The Gulf coast of Florida and Alabama is a fragile combination of barrier islands, low-lying marshes, and highly erodable mainland shores. In addition to sea-level rise, winter storms, and altered sediment supplies, hurricanes frequently damage or destroy the human developments and infrastructures that line this coast. Indeed, a single storm can cause billions of dollars in losses. Memories of such hurricanes as Camille, Frederic, Opal, and Andrew cause great concern for residents and property owners alike; events of equal magnitude are always just beyond the horizon and the uninformed have much to lose.
The authors of Living on the Edge of the Gulf seek to counteract potential loss by providing an illustrated introduction to coastal processes, a history of hazards for the region, and risk-reduction guidance in the form of site evaluations, community mitigation techniques, and storm-resistant construction practices. Risk maps that focus on individual coastal beaches are designed to assist property owners, community planners, and officials in prudent decision making, while a review of coastal regulations helps owners to understand and navigate various permit requirements.
This latest book in the Living with the Shore series replaces the earlier guide Living with the West Florida Shore and supplements the Alabama portion of Living with the Alabama/Mississippi Shore.
"synopsis" may belong to another edition of this title.
David M. Bush is Associate Professor of Geology at State University of West Georgia.
Norma J. Longo is a geologist who lives in Durham, North Carolina.
William J. Neal is Professor of Geology at Grand Valley State University in Allendale, Michigan.
Luciana S. Esteves is a coastal geologist who lives in Brazil.
Orrin H. Pilkey is James B. Duke Professor of Earth and Ocean Sciences, Emeritus, at Duke University.
Deborah F. Pilkey is an engineer who lives in Simi Valley, California.Review:
"The Gulf coast of Florida and Alabama is a fragile combination of barrier islands, low-lying marshes, and highly erodible mainland shores. This book lists the risks to this zone and provides guidance for property owners, community planners and officials to reduce the damage."
--Abstracts of Public Administration, Development, and Environment
"[A]n important message. . . . [T]heir maps provide useful information about geographic variations in risk for site selection, hazards reduction, and planning. . . . [T]his is a welcome addition to the literature for someone doing coastal or hazards research, teaching, or planning in the northeastern zone of the Gulf Coast."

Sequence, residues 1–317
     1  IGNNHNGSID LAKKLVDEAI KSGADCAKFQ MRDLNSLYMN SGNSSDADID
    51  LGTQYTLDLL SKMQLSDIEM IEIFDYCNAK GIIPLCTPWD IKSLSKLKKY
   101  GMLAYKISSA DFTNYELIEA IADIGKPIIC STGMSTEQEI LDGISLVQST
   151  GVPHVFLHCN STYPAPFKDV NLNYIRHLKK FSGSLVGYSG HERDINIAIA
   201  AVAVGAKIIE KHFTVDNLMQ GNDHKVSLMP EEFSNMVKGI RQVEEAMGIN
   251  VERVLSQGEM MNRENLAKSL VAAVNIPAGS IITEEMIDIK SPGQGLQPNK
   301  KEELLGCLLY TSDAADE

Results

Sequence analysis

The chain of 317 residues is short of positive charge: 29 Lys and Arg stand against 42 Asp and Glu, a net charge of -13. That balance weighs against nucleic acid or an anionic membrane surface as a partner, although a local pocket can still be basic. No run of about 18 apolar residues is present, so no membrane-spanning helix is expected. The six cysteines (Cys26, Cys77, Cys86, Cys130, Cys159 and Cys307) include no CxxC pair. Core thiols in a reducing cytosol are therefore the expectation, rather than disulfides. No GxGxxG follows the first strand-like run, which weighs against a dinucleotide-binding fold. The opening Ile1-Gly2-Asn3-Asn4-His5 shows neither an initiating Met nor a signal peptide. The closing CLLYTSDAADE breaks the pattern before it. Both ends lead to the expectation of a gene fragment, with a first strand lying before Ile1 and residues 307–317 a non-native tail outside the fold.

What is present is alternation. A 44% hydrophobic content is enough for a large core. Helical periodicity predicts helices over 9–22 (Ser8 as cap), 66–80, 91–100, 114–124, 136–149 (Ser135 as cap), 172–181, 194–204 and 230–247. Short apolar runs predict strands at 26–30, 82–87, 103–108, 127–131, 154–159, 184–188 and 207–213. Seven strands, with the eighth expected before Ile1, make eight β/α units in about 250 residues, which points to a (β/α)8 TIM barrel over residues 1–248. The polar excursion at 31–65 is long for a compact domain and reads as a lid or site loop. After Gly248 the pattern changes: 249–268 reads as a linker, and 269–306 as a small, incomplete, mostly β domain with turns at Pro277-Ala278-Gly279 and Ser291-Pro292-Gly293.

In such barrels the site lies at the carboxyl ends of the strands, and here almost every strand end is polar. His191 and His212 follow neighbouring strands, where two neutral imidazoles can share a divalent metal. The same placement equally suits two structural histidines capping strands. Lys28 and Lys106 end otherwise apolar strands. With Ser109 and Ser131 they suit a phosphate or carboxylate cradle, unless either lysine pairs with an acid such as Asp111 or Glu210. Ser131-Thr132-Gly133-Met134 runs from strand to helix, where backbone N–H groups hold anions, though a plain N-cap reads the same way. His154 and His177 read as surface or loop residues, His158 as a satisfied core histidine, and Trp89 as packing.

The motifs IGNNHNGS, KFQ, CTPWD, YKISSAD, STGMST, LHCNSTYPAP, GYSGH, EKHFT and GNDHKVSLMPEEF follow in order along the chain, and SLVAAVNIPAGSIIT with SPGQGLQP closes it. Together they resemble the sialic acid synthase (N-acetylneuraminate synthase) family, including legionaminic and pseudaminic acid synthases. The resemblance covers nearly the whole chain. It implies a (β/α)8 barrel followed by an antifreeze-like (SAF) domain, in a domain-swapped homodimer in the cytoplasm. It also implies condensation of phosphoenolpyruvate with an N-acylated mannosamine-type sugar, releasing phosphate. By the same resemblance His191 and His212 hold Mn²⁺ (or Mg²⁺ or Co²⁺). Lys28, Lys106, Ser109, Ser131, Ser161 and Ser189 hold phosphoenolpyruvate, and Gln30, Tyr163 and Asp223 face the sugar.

--Joann Mossa, "Annals of the Association of American Geographers"
""Living on the Edge of the Gulf" provides a comprehensive, nontechnical overview of the hazards of living along the west Florida and Alabama coast, along with guidance to current and future residents in protecting themselves and their property. . . . [I]nofrmative, interesting, and readable . . . . [T]he book has many useful maps and illustrations . . . . [A] useful guide for visitors, helping them understand risks when choosing where to stay and when deciding how early to evacuate if a major storm is forcast."
--Rebecca E. Morss, "Bulletin of the American Meteorological Society"
"The coastal areas covered in this book are highly susceptible to severe hurricane damage. Recent storms (particularly Andrew and Opal) have been especially devastating, but have also provided clues to better methods of damage mitigation and coastline protection. The authors here explore numerous aspects of this topic, including construction techniques, shoreline engineering, and coastal regulations. They discuss the natural processes that lead to these disasters and look back at the history of storms in the region. A valuable feature of this work is an analysis of the susceptibility of specific beaches along the Gulf to storm damage."
--American Meteorological Society Bulletin
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Book Description Duke University Press. Book Condition: New. Brand New. Bookseller Inventory # 0822325330
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